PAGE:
Invasive Species

Common mullein
Figure 1. Stand of common mullein. (All photos by Gary Stone)

Common Mullein, an Invasive Weed on Nebraska’s Horizon June 4, 2018

Common mullein is an invasive weed threatening western Nebraska land use. Here's what you need to know to be on your guard as prevention and early control are the best and the cheapest management options.

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Figure 1. Sulphur cinquefoil flower (Photos by Gary Stone)
Figure 1. Sulphur cinquefoil flower (Photos by Gary Stone)

Sulphur Cinquefoil — An Invasive Species in Nebraska March 16, 2018

Sulphur cinquefoil is a perennial forb and aggressive invasive species that establishes quickly in disturbed areas and over-grazed sites. Prevention and, if necessary, timely identification and management are the best routes to containing this invader.

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Absinth wormwood leaf
Figure 1. Absinth wormwood leaf (Photo by Kristi Paul)

Absinth Wormwood - New Invasive Species in Nebraska Panhandle May 17, 2017

An invasive species, absinth wormwood will establish quickly in disturbed areas and over-grazed sites and can out-compete desirable forbs and grasses in pastures and rangeland, reducing biodiversity.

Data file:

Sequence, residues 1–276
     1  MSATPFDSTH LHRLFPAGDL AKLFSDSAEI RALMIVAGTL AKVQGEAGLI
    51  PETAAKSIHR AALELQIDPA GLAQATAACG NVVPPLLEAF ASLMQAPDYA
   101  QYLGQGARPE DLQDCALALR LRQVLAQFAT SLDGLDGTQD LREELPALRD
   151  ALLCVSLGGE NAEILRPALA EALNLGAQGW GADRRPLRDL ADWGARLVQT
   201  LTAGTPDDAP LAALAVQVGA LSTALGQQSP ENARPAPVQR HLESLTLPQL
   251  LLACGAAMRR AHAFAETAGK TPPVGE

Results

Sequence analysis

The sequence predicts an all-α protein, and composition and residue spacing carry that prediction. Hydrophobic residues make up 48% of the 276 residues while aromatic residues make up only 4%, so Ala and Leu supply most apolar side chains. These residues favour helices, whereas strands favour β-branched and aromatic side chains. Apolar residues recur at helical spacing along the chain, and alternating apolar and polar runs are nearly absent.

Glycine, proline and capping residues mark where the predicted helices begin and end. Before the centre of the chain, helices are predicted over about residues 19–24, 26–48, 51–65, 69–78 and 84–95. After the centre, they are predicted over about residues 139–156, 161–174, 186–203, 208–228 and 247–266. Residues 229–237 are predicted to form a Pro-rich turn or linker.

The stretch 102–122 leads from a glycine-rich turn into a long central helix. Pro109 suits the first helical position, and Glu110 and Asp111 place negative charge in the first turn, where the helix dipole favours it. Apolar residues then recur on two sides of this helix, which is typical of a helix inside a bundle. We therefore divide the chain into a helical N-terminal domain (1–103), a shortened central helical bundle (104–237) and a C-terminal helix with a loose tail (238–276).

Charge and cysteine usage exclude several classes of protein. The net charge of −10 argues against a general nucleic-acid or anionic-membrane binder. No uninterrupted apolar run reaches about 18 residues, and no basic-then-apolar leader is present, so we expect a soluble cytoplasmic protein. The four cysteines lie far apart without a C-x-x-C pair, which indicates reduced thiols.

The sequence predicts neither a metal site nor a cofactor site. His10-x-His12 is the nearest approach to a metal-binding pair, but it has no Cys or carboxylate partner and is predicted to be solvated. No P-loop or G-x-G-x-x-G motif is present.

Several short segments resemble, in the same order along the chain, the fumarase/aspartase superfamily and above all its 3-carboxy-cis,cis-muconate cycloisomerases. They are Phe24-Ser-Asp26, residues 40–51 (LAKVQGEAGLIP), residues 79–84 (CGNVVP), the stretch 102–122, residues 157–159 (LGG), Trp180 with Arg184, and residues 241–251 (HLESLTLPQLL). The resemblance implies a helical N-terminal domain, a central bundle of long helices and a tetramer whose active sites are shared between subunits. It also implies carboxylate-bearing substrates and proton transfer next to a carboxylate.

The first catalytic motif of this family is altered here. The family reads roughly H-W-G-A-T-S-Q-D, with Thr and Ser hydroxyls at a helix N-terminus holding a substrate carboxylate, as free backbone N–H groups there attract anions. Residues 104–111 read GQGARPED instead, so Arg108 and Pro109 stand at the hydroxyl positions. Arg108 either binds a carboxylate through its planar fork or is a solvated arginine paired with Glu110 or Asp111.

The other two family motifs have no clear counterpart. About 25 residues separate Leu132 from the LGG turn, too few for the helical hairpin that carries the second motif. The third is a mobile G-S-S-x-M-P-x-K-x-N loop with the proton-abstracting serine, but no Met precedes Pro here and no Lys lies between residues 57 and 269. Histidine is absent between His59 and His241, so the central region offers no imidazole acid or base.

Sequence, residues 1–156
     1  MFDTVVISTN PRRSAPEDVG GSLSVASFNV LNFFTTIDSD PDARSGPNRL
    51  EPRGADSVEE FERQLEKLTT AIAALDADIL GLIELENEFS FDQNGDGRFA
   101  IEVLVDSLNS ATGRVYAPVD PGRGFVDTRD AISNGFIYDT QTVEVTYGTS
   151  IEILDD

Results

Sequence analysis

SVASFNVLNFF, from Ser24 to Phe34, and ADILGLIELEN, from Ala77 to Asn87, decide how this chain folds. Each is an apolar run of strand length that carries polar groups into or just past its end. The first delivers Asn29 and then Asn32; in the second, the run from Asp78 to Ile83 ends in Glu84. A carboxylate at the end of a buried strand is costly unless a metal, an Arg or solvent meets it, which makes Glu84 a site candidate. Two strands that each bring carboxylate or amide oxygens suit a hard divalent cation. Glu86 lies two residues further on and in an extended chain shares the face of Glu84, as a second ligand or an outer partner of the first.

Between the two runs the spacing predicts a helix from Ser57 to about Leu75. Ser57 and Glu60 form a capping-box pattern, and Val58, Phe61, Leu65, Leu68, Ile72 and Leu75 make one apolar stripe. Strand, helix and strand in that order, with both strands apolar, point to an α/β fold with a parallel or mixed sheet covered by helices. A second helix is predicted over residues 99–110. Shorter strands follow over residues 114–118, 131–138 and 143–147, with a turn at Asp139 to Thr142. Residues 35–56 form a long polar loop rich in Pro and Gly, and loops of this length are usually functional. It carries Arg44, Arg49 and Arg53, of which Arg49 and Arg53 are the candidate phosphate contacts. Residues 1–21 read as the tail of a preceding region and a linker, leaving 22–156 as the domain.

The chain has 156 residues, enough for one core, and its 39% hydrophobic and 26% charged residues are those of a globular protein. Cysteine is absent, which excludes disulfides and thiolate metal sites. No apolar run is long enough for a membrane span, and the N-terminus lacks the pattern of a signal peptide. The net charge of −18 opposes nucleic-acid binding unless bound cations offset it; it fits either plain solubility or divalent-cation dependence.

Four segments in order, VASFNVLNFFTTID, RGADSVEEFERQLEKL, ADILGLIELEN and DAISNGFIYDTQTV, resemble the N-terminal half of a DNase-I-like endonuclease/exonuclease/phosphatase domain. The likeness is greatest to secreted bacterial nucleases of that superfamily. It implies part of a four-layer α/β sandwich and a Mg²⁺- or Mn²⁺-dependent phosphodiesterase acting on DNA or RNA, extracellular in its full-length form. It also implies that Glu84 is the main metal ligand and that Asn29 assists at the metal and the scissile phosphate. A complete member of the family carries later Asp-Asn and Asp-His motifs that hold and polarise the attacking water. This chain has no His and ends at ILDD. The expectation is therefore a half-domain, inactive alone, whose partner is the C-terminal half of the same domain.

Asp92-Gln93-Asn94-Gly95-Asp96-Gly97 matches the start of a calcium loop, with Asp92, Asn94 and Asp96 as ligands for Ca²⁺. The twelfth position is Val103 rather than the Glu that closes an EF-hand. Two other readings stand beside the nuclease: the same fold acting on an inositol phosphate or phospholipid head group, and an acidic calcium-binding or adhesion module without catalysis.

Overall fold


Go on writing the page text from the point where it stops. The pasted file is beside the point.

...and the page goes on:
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Ventenata plants
Ventenata / North African Grass seed heads, Ventenata dubia (Leers) Coss. Photo credit: ©Prof Matt Lavin-2008/Bozeman, Montana, USA - CC BY-SA 2.0

Watching for Ventenata — an Invasive Weed on our Western Horizon April 5, 2017

Ventenata is an invasive grass in Wyoming that is slowly spreading east. If it does migrate to Nebraska, early detection and rapid response will be essential in controlling its establishment. If it were to become established in the Pine Ridge area or Sandhills, it could devastate the ecology and range production.

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Medusahead Grass
Figure 1. Medusahead seed head, Taeniatherum caput-medusae (L.) Nevski (Photo credit: Steve Dewey, Utah State University, Bugwood.org)

Detecting Invasive Species: Medusahead March 10, 2017

Growers are encourage to watch for Medusahead, an invasive weed species that is now in Wyoming and moving eastward. If it reaches the Pine Ridge area or Sandhills, it could cause devastating damage to the ecology and range production. The concept of early detection and rapid response, as described here, will be important to its containment.

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